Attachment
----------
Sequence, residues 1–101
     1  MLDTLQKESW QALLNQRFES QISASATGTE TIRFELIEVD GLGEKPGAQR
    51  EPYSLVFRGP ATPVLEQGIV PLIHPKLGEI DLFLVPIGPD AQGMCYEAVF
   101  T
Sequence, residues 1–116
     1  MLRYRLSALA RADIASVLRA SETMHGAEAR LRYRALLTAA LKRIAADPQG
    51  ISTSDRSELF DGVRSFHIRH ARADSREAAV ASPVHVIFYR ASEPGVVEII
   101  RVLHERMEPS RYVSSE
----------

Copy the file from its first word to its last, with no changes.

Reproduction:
Sequence, residues 1–101
     1  MLDTLQKESW QALLNQRFES QISASATGTE TIRFELIEVD GLGEKPGAQR
    51  EPYSLVFRGP ATPVLEQGIV PLIHPKLGEI DLFLVPIGPD AQGMCYEAVF
   101  T
Sequence, residues 1–116
     1  MLRYRLSALA RADIASVLRA SETMHGAEAR LRYRALLTAA LKRIAADPQG
    51  ISTSDRSELF DGVRSFHIRH ARADSREAAV ASPVHVIFYR ASEPGVVEII
   101  RVLHERMEPS RYVSSE